Should this even qualify as news? From the : For the last eight weeks, nearly 200 federal examiners have labored inside some of the nation’s biggest banks to determine how those institutions would hold up if the recession deepened. What they are discovering may come as a relief to both the financial industry and the public: the banking industry, broadly speaking, seems to be in better shape than many people think, officials involved in the examinations say. That is the good news. The bad news is that many of the largest American lenders, despite all those bailouts, probably need to be bailed out again, either by private investors or, more likely, the federal government. After receiving many millions, and in some cases, many billions of taxpayer dollars, banks still need more capital, these officials say. The whole point of this charade exercise was to show the big banks weren't terminal but still needed dough, and I am sure it will prove to be lots of dough before we are done. But they now have the Good Housekeeping seal, so the chump taxpayer can breathe easy that the authorities are taking prudent measures to make sure his money is being shepherded wisely. If you believe that, I have a bridge I'd like to sell you. We said from the beginning the stress tests were a complete sham. Just look at the numbers. 200 examiners for 19 banks? When Citi nearly went under in the early 1990s, it took 160 examiners to go over its US commercial real estate portfolio (and even then then the bodies were deployed against dodgy deals in Texas and the Southwest). This is a garbage in, garbage out exercise. The banks used their own risk models to make the assessment, for instance, the very same risk models that caused this mess. And there was no examination of the underlying loan files. The Times story does slip in some shreds of doubt, but a casual reader is likely to read past them. Consider these statements: Regulators say all 19 banks undergoing the exams will pass them. Indeed...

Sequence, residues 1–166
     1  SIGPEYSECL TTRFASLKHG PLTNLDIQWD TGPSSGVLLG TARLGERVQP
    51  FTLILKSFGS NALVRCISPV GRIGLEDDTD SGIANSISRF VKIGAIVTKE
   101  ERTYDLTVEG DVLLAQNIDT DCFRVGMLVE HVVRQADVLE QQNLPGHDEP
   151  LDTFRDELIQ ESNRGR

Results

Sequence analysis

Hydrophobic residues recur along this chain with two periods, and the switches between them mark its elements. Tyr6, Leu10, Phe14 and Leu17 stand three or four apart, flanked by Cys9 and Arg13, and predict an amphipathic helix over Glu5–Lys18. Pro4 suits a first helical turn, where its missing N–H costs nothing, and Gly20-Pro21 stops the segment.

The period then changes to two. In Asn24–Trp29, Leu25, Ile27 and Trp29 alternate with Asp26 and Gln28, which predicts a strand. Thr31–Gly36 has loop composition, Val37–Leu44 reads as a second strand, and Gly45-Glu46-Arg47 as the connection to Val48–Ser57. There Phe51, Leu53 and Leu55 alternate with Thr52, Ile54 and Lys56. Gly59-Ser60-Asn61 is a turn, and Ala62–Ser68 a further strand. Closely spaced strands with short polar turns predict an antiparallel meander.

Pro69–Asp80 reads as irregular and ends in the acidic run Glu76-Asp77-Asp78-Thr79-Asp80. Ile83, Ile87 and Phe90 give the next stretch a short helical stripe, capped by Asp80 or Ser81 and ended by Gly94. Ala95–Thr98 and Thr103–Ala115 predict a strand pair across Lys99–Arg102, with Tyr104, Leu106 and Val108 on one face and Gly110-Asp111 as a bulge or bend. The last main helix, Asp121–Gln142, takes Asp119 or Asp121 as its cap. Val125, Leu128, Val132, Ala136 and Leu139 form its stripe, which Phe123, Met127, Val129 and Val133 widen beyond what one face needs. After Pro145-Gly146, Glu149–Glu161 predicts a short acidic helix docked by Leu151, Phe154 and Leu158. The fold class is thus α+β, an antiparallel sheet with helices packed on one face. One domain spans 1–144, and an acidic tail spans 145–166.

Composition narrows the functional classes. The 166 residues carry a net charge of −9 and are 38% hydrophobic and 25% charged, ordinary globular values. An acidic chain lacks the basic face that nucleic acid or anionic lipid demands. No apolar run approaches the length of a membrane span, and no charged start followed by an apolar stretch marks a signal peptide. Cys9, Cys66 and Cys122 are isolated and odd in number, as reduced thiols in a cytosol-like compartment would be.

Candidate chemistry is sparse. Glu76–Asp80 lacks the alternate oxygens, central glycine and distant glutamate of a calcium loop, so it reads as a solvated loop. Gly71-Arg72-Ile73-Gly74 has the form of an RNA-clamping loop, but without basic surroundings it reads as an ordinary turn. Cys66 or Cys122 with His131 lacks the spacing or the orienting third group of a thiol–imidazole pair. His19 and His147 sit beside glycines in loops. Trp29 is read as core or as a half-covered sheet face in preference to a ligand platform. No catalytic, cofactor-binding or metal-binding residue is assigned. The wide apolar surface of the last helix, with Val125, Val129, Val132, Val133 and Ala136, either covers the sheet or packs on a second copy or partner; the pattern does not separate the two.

• 9:30 AM » A Look Inside Fed’s Balance Sheet
    Published Thu, Apr 09 2009 9:30 AM by WSJ